Accessing structs with byte pointer

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//Machine Vars For Save/Restore
struct MachVars {
  byte save_valid;                  // marks if the save flash has been written
  unsigned long slope[9];           // slope corrections
  unsigned long offset[9];          // offset corrections
  unsigned int seq[8][64][8];       // Main preset setting
  unsigned int encseq[8][64][8];    // Stores offsets from encoder
  byte gateseq[8][64][8];           // Stores offsets from encoder
} saves;

// the call to save to flash
writePageOfBytes(0,&saves,256);

void writePageOfBytes(uint32_t addr, const void* buf, uint16_t len) {
for (uint16_t i = 0; i < len; i++)
  {
    SPI.transfer(OUT_DAC_CS,((uint8_t*) buf)[i] );
  }

I need to store some variables in a flash chip which takes pages of 256 bytes. My thought was to set a pointer of type uint8_t to the beginning of the structure then step through it. I have verified the flash and the read/write routines work with test data in arrays. But when I use the pointer to the above structure the data gets messed up, the values appear scrambled. It looks like it should work to me. What am I missing?

Tim Ressel
Portland, OR
timr@earthling.net

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writePageOfBytes(0,&saves,256);

???

The struct is way bigger than 256 bytes.

Stefan Ernst

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I'm saving the whole struct, 256 bytes (1 page in the flash chip) at a time.

Tim Ressel
Portland, OR
timr@earthling.net

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This is a test program but should demonstrate how to do;

 

#include <avr/io.h>

void writePageOfBytes(uint32_t, const uint8_t*, uint16_t);

//Machine Vars For Save/Restore
struct MachVars {
    uint8_t save_valid;                  // marks if the save flash has been written
    unsigned long slope[9];           // slope corrections
    unsigned long offset[9];          // offset corrections
    unsigned int seq[9];       // Main preset setting
    unsigned int encseq[9];    // Stores offsets from encoder
    uint8_t gateseq[9];           // Stores offsets from encoder
} saves;

    uint8_t buf[155];

int main(void)
{
    int i = 0;
    
    saves.save_valid = 1;
    for (i = 0; i < 9; i++)
    {
        saves.slope[i] = 0x32 + i;
        saves.offset[i] = 0x33 + i;
        saves.seq[i] = 0x34 + i;
        saves.encseq[i] = 0x35 + i;
    }
    
    // the call to save to flash
    writePageOfBytes(0, (uint8_t*) &saves, sizeof(saves));

    i = 32;
    
    while(1)
    {
        //TODO:: Please write your application code
    }
}

    void writePageOfBytes(uint32_t addr, const uint8_t* pbuf, uint16_t len) {
        for (uint16_t i = 0; i < len; i++)
        {
            buf[i] = *pbuf++;
        }
    }

Happy Trails,

Mike

JaxCoder.com

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madhun wrote:
I'm saving the whole struct, 256 bytes (1 page in the flash chip) at a time.
Then show the code for saving the whole struct.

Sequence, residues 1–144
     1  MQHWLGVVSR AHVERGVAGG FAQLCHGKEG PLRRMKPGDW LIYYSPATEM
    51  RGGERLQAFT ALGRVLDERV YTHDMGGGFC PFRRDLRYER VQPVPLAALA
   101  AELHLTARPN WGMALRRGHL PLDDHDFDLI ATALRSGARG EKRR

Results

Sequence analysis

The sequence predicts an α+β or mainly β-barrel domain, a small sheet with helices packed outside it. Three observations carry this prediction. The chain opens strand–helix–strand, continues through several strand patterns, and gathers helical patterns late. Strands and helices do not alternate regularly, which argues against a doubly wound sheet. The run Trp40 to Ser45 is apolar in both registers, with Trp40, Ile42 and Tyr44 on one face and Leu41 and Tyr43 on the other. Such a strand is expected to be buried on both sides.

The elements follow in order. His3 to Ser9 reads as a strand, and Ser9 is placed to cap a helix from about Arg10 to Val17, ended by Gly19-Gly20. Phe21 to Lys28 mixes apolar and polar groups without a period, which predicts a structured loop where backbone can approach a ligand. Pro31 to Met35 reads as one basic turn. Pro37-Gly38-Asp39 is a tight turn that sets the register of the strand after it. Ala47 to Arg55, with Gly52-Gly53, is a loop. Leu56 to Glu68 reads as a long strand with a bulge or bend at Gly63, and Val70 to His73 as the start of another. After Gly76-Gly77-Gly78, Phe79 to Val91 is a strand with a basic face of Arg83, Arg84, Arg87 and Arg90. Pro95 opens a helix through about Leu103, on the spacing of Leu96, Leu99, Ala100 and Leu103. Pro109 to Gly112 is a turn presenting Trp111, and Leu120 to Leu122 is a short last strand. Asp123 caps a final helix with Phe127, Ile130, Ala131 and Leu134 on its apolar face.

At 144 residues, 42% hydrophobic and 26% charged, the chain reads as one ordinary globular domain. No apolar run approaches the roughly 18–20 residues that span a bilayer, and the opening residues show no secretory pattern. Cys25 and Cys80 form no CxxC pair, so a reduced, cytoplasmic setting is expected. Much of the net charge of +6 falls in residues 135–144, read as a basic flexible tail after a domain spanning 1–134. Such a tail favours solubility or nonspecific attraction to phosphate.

Stefan Ernst

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What you are really trying to do here is called serialization. If it has to be divided up into chunks I would do something like:

struct MachVars {
  byte save_valid;                  // marks if the save flash has been written
  unsigned long slope[9];           // slope corrections
  unsigned long offset[9];          // offset corrections
  unsigned int seq[8][64][8];       // Main preset setting
  unsigned int encseq[8][64][8];    // Stores offsets from encoder
  byte gateseq[8][64][8];           // Stores offsets from encoder
} saves;

div_t sizeData;

int main(void) {
    uint8_t * p;
    int n, page;
    sizedata = div(sizeof(saves), 256);
    p = (uint8_t *)&saves;
    page = 0;
    for (n = 0; n < sizeData.quot; n++) {
        writePageOfByes(page++, p, 256);
        p += 256;
    }
    if (sizeData.rem) {
        writePageOfByes(page, p, sizeData.rem);
    }
}

Which will write n full 256 byte pages and then one last page of the "spillage" into the last page (if any).

 

I had to guess what the first 0 in writePageOfBytes() was - I assume it is an incrementing page number rather a byte address? If it is a byte address then page++ is not enough and would need to be brought out as "page += offset;"

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clawson wrote:
What you are really trying to do here is called serialization

Indeed: https://en.wikipedia.org/wiki/Serialization

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How to properly post source code: https://www.avrfreaks.net/comment...

 

Top Tips:

  1. How to properly post source code - see: https://www.avrfreaks.net/comment... - also how to properly include images/pictures
  2. "Garbage" characters on a serial terminal are (almost?) invariably due to wrong baud rate - see: https://learn.sparkfun.com/tutorials/serial-communication
  3. Wrong baud rate is usually due to not running at the speed you thought; check by blinking a LED to see if you get the speed you expected
  4. Difference between a crystal, and a crystal oscillatorhttps://www.avrfreaks.net/comment...
  5. When your question is resolved, mark the solution: https://www.avrfreaks.net/comment...
  6. Beginner's "Getting Started" tips: https://www.avrfreaks.net/comment...